Author: Cheng Zhao |

Can you be sued for
a bad review?

Can you be sued
for a bad
review?

5 min read

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sue for a bad review

Experiencing bad service or receiving poor-quality products is not uncommon, and individuals often ponder how to address such situations. Some customers remain silent due to fear of potential legal repercussions, but the majority are willing to take necessary steps to uphold their rights.

The initial action entails reaching out to the customer support team, a step that often resolves most disputes. However, if a mutually agreeable solution isn’t reached, leaving a negative review becomes a feasible recourse. It’s crucial to be prepared for potential consequences, including the prospect of facing legal action due to negative online comments.

Many businesses can either claim or ignore their online profiles for free, while some platforms, like Trustpilot, offer premium options. This premium status grants companies the ability to report reviews, leading to their removal from the profile and mitigating any impact on the overall rating. This can potentially contribute to the appearance of companies maintaining perfect 5.0-star ratings, which can appear implausible.

But are reviewers protected?

The Special Customer Review Fairness Act, enacted by the government, aims to safeguard customers’ ability to provide honest and unbiased feedback without fear of retribution. According to this law, businesses cannot sue customers for their reviews. In case they attempt to do so, customers can refer to the Federal Trade Commission (FTC) website or approach the state’s attorney general to uphold the CRFA. This way, customers can freely leave unbiased and accurate feedback, with the added protection of professional legal assistance.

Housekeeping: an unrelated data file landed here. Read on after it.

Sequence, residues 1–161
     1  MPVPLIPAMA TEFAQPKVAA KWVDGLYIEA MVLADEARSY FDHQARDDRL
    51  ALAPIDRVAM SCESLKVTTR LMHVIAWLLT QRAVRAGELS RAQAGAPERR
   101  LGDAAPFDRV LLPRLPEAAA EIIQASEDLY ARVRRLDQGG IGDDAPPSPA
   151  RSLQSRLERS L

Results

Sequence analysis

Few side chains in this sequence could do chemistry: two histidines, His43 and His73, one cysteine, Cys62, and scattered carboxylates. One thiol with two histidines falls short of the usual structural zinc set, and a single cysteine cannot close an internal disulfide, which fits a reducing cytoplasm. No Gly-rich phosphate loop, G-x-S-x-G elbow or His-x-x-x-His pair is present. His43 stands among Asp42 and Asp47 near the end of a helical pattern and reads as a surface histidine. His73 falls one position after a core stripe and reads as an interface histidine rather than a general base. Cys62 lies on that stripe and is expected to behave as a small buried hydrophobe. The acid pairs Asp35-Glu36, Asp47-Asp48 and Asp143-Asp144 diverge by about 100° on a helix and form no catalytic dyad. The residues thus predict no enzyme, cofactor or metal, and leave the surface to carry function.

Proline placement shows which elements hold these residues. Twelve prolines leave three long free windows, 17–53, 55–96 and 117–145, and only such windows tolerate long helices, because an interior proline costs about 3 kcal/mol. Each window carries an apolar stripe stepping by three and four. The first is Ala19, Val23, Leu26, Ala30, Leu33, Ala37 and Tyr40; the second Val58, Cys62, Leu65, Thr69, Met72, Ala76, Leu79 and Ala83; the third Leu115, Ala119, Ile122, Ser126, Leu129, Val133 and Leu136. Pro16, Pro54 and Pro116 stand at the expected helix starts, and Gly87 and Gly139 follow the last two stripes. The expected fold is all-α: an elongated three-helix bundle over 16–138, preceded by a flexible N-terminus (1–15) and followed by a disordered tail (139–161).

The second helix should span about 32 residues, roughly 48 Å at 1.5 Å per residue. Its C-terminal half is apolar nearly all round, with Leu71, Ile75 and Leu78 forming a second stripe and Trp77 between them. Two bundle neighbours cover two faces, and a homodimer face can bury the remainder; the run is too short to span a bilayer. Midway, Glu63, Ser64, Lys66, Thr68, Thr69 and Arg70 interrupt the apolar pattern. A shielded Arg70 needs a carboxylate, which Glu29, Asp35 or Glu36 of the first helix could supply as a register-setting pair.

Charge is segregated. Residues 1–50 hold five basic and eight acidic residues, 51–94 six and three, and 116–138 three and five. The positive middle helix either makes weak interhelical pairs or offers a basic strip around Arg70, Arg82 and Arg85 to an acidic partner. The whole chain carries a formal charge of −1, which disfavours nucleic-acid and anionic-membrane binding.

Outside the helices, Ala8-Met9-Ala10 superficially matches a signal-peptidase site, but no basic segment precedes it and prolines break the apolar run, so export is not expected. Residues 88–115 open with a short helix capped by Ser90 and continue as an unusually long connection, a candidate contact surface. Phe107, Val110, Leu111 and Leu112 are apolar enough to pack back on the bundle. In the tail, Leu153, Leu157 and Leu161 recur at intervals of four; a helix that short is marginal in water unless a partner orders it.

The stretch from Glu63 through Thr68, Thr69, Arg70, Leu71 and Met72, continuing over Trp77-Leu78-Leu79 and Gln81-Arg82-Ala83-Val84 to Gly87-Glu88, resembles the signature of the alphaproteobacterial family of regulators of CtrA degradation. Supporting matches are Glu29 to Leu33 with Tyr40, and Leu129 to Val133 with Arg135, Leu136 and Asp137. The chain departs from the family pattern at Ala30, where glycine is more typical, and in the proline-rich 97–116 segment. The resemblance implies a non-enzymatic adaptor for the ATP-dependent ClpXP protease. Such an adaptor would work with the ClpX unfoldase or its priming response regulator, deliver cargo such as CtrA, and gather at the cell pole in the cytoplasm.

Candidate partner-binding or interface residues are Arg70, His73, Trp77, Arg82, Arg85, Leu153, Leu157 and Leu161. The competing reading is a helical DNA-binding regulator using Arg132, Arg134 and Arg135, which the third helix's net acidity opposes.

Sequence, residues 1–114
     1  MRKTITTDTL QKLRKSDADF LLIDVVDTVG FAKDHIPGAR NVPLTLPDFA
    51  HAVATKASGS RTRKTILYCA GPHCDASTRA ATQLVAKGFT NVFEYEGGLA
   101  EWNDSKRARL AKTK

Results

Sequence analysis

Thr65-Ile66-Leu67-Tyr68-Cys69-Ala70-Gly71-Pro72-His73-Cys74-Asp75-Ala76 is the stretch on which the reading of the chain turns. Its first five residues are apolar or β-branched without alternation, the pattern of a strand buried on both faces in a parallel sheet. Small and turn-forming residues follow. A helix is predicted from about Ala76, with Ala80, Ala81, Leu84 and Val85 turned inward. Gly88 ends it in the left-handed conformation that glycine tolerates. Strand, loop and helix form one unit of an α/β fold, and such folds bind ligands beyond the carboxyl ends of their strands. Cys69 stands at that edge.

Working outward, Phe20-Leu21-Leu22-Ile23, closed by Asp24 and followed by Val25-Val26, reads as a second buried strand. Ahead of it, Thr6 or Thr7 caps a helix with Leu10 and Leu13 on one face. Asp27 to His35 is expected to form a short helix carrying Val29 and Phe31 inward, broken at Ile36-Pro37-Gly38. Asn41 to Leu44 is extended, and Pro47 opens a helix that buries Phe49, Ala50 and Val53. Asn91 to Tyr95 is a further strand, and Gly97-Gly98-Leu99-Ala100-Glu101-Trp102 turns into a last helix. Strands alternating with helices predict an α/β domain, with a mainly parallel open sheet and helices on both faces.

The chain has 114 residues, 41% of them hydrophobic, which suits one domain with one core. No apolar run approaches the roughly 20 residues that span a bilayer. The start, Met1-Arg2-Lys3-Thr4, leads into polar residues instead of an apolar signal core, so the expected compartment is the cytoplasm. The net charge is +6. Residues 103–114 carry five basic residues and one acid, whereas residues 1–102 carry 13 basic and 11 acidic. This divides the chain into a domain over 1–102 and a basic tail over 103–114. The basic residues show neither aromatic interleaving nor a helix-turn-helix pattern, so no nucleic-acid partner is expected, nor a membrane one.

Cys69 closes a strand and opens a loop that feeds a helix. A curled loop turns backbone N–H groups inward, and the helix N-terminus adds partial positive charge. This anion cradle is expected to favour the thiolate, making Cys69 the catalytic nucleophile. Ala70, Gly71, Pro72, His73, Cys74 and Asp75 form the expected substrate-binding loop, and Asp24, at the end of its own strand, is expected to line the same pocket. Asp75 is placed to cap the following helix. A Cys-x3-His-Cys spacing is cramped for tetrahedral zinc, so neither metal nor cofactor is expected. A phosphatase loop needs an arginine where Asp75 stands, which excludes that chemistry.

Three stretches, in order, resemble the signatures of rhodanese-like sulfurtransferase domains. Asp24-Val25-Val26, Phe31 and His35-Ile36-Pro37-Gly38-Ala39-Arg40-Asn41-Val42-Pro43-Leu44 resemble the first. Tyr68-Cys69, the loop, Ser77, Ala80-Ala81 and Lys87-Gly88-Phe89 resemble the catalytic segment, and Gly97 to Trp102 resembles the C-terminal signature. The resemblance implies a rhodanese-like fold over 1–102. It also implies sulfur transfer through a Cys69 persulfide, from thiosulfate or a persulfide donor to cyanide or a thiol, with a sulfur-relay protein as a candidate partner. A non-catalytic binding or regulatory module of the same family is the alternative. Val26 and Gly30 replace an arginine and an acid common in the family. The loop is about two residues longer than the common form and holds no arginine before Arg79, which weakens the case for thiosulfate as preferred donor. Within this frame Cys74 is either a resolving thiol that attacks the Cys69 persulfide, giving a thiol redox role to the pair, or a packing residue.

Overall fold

It’s important to be well-informed about the intricacies of this topic. Reviewers still need to assert their right to share reviews and feedback, even though this right is theoretically protected by law. While the law does offer protection, the process of defending this right can be lengthy.

In the context of leaving reviews about service quality, the potential cost of an inaccurate review should not be underestimated. Ensuring online safety, buyers need to comprehend key terms, including defamation and slander.

Defamation, a false statement causing harm to a person or company’s reputation, can lead to lawsuits if a customer claims a company is a scam without grounds. However, proving defamation requires evidence of the harm caused, false statements, publication by a third party, and a degree of fault.

Anti-SLAPP laws, present in 29 US states, can provide protection for customers sued for fake reviews. These laws penalize plaintiffs who lose cases and can offer relief to customers in such situations.

When reviewing, adhering to honesty, objectivity, and factual accuracy is essential. Providing truthful and unbiased opinions, free from personal perspectives, ensures protection from potential legal issues.